After almost two months of California’s shut down of all non-essential business, Gov. Gavin Newsom is giving the green light for some businesses to reopen as the state moves into phase two of its four-stage reopening plan.
Phase two begins Friday, May, 8 and allows businesses in the retail and manufacturing sectors to reopen throughout the state, as long as they abide by Newsom’s social distancing and health safety guidelines.
Newsom said in a media briefing May 7 that the retail businesses allowed to reopen include clothing, sporting goods, music, book and toy stores, as well as florists. Under his guidelines, retail stores are required to do curb-side pick-up, although there are reports of retail stores in more rural areas, including Clovis, that are opening their doors to customers while implementing social distancing measures.
The state requires all reopening retailers to create a plan to protect workers and customers from COVID-19. The plan includes outlining sanitation and social distancing protocols, training employees on how to limit the spread of COVID-19 and having measures in place to screen employees for respiratory illness on a daily basis.
The state is providing an outline of the plan online.
State officials also recommend that retail businesses implement a “hands free” approach to ways that customers can pay and shop.
As far as manufacturing, state officials recommend that manufactures and warehouses close indoor break areas and provide employees with sanitation materials and personal protective equipment.
“We know that we’re going to gradually reopen California only as we can reduce the risk to all Californians from contracting COVID-19,” Dr. Mark Ghaly, the state’s secretary of Health and Human Services, said during the May 7 briefing.
While Newsom confirmed the aforementioned sectors had the go-ahead to open, it is worth noting that the state has yet to release a clear and detailed list of specific businesses that are allowed to reopen.
What is clear is that businesses including offices, dine-in restaurants, bars and shopping malls – while included in the phase two reopening in state documents – still do not have Newsom’s permission to reopen. However, Newsom said earlier this week that he expects to reopen those businesses in the coming weeks.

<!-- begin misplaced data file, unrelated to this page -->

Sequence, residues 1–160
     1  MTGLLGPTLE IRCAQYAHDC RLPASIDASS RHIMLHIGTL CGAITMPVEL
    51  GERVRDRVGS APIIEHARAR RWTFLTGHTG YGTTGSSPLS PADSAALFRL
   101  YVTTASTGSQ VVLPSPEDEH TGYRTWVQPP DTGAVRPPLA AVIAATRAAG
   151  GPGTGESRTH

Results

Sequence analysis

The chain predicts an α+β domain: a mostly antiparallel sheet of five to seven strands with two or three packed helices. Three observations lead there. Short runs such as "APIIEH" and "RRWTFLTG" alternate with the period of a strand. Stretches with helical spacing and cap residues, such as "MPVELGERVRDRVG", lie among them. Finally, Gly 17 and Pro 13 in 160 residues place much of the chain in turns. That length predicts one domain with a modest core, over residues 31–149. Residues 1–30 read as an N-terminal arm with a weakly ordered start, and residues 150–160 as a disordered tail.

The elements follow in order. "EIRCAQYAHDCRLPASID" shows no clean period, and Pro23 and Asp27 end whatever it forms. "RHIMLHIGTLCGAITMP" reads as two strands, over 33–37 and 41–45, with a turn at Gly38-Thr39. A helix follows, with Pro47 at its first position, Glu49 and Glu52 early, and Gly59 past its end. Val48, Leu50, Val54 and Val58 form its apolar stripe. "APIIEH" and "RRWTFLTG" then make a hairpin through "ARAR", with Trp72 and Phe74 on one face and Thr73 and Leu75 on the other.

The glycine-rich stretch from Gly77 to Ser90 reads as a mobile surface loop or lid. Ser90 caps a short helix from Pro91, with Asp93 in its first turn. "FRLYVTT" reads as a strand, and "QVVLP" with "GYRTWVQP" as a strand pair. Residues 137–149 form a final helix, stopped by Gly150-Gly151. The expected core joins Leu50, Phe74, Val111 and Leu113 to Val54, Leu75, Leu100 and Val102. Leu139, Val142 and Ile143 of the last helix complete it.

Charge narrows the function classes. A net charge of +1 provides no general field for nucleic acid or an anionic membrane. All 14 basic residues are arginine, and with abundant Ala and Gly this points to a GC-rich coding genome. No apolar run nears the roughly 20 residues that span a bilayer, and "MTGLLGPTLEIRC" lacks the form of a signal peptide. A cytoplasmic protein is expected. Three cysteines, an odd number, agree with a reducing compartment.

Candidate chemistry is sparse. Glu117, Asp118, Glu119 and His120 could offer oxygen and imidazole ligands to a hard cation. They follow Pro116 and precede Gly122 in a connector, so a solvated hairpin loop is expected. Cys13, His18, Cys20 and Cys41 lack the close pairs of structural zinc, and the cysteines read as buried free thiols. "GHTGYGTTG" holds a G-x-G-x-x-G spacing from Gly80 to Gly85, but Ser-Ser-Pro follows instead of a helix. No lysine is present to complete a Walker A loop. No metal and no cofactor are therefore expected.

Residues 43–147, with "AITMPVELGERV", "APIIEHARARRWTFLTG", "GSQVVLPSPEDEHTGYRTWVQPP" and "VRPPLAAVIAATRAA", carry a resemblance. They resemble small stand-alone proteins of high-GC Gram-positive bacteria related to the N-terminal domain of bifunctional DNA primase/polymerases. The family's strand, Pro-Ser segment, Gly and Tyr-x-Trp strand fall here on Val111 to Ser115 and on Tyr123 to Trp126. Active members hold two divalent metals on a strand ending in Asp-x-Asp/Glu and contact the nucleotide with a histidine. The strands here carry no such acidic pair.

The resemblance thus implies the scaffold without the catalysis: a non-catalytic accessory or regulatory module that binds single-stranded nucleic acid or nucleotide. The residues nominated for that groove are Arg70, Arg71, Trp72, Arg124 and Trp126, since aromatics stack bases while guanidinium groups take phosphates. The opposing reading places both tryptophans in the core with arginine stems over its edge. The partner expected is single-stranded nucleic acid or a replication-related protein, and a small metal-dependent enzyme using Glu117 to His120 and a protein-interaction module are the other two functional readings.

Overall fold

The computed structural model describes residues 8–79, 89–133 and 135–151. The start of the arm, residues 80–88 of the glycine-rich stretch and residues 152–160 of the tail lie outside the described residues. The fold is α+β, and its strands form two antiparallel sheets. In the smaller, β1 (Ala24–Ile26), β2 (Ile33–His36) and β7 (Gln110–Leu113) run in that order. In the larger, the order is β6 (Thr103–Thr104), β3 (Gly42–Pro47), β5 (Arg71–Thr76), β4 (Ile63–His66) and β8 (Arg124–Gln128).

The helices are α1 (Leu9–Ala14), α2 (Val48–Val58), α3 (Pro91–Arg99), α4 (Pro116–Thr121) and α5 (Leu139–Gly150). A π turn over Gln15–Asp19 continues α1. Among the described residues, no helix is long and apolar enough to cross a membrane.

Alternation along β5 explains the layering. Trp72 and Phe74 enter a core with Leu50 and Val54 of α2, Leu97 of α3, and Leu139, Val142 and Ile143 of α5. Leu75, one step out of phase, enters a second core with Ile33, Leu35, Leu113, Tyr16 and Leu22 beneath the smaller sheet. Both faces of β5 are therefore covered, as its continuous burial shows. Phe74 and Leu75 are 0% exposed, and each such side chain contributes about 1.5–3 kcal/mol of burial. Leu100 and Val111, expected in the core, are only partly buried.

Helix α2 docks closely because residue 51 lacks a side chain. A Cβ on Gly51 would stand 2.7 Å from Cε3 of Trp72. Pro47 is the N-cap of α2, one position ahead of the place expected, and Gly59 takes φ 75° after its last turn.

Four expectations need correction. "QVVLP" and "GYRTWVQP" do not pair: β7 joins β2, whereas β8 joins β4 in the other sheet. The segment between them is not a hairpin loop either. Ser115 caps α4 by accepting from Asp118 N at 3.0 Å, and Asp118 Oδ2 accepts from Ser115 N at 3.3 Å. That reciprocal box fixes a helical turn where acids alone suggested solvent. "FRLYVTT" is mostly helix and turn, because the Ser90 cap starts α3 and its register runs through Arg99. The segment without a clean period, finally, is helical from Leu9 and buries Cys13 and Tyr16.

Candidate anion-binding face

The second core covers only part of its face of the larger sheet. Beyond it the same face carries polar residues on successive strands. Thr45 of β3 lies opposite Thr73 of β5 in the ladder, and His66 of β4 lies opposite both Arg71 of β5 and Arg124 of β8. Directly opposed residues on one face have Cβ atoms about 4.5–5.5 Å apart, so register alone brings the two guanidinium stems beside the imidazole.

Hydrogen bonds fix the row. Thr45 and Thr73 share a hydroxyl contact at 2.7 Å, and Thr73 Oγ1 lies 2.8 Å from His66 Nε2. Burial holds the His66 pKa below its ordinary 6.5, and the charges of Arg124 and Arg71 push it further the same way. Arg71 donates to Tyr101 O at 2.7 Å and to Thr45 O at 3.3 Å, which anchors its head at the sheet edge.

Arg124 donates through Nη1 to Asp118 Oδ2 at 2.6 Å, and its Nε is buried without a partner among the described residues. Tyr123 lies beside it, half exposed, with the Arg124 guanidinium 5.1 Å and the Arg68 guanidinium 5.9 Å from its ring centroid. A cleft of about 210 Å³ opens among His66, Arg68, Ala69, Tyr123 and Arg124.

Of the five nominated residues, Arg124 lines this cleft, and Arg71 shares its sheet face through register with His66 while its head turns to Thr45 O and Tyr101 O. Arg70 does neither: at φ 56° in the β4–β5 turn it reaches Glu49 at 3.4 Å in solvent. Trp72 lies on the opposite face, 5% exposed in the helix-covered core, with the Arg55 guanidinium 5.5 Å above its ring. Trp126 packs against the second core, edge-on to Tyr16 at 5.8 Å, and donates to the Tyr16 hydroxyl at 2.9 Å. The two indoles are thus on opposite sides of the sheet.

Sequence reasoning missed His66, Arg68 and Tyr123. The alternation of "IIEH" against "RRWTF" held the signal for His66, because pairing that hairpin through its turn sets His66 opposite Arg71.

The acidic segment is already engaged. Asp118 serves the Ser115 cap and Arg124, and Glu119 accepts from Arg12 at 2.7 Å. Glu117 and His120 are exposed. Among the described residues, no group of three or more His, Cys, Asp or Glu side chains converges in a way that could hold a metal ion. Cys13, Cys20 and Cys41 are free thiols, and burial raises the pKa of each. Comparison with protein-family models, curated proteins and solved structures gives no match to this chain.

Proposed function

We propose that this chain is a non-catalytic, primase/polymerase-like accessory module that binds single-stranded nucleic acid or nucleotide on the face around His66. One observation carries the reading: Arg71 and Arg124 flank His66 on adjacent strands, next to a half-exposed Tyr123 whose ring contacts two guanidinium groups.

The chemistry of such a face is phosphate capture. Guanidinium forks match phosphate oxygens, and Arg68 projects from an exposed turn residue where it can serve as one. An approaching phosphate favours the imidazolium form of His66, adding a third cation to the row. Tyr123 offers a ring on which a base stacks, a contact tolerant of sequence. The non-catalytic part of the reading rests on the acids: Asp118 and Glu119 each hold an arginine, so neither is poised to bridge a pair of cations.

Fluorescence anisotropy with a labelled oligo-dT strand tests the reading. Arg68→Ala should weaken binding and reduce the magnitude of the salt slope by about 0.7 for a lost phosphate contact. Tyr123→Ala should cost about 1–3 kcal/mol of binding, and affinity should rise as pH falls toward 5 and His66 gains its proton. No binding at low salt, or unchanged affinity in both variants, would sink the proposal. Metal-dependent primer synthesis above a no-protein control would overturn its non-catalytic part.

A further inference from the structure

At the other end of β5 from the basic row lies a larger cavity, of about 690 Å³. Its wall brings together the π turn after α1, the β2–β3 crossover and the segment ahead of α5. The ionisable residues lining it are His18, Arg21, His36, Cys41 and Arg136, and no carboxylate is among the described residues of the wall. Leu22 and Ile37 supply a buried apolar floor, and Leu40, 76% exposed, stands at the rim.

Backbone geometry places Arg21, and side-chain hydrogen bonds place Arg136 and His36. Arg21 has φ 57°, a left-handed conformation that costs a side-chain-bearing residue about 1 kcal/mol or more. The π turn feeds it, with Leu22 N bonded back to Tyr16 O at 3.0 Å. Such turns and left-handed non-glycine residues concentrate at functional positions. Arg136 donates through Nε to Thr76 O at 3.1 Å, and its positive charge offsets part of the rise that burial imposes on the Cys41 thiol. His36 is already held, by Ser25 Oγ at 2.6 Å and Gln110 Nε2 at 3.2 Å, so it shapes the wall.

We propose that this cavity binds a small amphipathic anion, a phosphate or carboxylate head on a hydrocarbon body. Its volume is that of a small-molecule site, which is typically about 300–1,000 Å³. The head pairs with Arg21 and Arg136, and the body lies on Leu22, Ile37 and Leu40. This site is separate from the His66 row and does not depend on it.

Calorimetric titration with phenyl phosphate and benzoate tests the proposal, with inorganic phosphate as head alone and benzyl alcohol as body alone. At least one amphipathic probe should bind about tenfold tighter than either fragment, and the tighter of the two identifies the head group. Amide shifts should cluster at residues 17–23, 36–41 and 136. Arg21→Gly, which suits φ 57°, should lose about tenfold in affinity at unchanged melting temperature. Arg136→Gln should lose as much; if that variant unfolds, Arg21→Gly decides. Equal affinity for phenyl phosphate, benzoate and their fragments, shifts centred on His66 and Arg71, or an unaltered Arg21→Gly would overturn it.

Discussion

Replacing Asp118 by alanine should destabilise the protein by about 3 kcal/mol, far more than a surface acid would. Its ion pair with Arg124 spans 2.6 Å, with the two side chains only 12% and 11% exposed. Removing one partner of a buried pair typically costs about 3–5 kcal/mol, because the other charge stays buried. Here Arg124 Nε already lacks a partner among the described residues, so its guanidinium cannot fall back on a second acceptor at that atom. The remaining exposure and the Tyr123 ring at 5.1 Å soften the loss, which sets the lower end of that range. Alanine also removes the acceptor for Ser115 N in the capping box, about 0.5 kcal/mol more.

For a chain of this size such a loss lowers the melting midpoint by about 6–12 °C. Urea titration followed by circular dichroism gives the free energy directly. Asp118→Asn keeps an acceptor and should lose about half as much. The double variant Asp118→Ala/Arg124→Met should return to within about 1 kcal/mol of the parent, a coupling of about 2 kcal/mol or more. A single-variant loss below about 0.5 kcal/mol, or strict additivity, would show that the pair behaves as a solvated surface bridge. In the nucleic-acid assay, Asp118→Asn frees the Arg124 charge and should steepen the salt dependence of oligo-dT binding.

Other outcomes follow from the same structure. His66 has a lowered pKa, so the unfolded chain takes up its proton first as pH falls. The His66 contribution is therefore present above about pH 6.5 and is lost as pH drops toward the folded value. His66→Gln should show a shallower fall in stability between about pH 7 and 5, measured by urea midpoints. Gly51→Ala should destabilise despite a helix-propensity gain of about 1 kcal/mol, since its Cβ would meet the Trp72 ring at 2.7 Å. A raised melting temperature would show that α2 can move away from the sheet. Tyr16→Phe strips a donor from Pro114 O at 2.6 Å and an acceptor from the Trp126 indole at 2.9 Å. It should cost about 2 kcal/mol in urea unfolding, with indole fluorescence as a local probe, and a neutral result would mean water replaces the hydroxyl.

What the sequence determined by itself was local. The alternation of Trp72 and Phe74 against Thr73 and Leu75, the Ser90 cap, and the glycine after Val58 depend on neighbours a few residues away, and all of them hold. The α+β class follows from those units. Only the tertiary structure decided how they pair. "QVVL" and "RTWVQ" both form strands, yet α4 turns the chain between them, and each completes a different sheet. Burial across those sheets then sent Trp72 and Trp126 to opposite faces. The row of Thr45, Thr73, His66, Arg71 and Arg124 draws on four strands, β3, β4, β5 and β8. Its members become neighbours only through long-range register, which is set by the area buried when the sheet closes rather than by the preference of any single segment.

Other sectors may have to wait months before receiving the go-ahead from the state.
Work spaces designated by the state as “high risk” will have to wait until stage three, which Newsom previously said is likely months away. Those businesses include salons, barbershops, gyms, sports without live audiences, movie theaters and in-person religious services.
Some sectors, including concerts, festivals, convention center events and live audience sports, will not be able to reopen until stage four, which Newsom said would not happen until a vaccine is available or immunity is reached.
California’s detailed four stage reopening plan can be found on the state’s website.
Some of the businesses not included in stage two may still reopen in Clovis, as the city said Monday, May 4, that it would only enforce the state’s order in the event of an extreme violation. Those businesses may still face backlash from the state, however.
You can read more about the city’s decision to lift its emergency orders and what it means for local businesses here.
Clovis was hit particularly hard by the shutdown.
Mayor Drew Bessinger said the city had an unemployment rate of 3.2 percent before the crisis began. That number shot up to an estimated 15 percent as of this week, Bessinger said, with an estimated 31 percent loss of jobs.
“In Clovis, we were doing fairly well,” Bessinger said. “And we all got pushed off a cliff, unexpectedly.”
Clovis is not the only Central Valley community to lift its restrictions, as Visalia said it is lifting its restrictions and giving its local businesses the option to reopen.
Newsom also faces pressure from more rural California counties to speed up the state’s approach to reopening more businesses.
The governor has responded by giving counties the option to take a faster approach to reopening their businesses. In order to do so, county officials must submit a “containment plan” for how they will limit the spread of COVID-19. That means proving their counties have low COVID-19 case counts, that their health care facilities can handle a 35 percent surge in cases, and that they meet testing and contact tracing criteria.
The guidelines come with strict criteria, as counties hoping to qualify must have had no COVID-19-related deaths two weeks prior to submitting its plan and have less than one coronavirus case per 1,000 people.
Newsom said he will release more information on how counties can speed up their approach to reopening their economies on Tuesday, May 12.